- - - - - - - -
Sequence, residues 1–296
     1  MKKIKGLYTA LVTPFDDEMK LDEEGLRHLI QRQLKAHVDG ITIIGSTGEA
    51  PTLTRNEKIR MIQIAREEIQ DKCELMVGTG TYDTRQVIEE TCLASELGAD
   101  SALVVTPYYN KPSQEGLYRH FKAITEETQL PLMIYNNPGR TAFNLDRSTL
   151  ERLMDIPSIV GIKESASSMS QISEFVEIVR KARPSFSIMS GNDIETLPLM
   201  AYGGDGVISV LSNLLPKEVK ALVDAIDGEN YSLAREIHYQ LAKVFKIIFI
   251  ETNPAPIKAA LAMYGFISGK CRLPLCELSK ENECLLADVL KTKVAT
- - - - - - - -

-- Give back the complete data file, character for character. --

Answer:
Sequence, residues 1–296
     1  MKKIKGLYTA LVTPFDDEMK LDEEGLRHLI QRQLKAHVDG ITIIGSTGEA
    51  PTLTRNEKIR MIQIAREEIQ DKCELMVGTG TYDTRQVIEE TCLASELGAD
   101  SALVVTPYYN KPSQEGLYRH FKAITEETQL PLMIYNNPGR TAFNLDRSTL
   151  ERLMDIPSIV GIKESASSMS QISEFVEIVR KARPSFSIMS GNDIETLPLM
   201  AYGGDGVISV LSNLLPKEVK ALVDAIDGEN YSLAREIHYQ LAKVFKIIFI
   251  ETNPAPIKAA LAMYGFISGK CRLPLCELSK ENECLLADVL KTKVAT